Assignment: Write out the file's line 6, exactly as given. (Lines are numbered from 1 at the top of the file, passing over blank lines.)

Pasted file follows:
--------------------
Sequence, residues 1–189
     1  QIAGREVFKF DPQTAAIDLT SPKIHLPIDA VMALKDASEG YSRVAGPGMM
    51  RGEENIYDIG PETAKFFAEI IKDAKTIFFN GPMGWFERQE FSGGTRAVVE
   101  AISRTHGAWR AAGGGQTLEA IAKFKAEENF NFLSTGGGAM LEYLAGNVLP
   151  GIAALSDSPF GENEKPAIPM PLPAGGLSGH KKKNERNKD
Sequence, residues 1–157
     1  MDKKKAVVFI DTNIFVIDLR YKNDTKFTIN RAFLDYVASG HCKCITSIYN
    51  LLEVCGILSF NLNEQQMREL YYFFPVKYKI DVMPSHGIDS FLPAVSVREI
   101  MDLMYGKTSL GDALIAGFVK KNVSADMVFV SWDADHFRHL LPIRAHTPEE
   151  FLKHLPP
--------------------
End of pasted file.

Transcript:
Sequence, residues 1–157